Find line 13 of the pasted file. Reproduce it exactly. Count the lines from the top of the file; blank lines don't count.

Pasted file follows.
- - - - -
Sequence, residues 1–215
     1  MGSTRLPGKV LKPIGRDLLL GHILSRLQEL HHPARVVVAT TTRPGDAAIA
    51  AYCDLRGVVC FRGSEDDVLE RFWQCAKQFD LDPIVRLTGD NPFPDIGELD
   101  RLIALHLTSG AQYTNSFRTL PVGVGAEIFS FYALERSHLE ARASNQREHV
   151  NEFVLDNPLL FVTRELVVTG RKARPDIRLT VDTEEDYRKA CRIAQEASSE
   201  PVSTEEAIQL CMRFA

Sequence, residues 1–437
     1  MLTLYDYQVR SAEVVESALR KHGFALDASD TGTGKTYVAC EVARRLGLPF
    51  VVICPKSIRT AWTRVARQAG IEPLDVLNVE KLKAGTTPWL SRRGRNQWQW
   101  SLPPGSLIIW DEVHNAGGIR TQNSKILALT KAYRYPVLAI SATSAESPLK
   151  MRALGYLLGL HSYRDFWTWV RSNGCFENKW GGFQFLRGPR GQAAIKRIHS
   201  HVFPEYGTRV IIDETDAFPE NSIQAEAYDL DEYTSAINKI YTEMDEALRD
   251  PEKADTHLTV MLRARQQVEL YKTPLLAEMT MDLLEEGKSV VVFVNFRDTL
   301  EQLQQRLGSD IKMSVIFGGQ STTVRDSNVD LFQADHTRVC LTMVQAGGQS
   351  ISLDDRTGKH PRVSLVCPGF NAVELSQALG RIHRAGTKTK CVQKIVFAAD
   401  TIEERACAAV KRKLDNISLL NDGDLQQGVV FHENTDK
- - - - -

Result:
   251  PEKADTHLTV MLRARQQVEL YKTPLLAEMT MDLLEEGKSV VVFVNFRDTL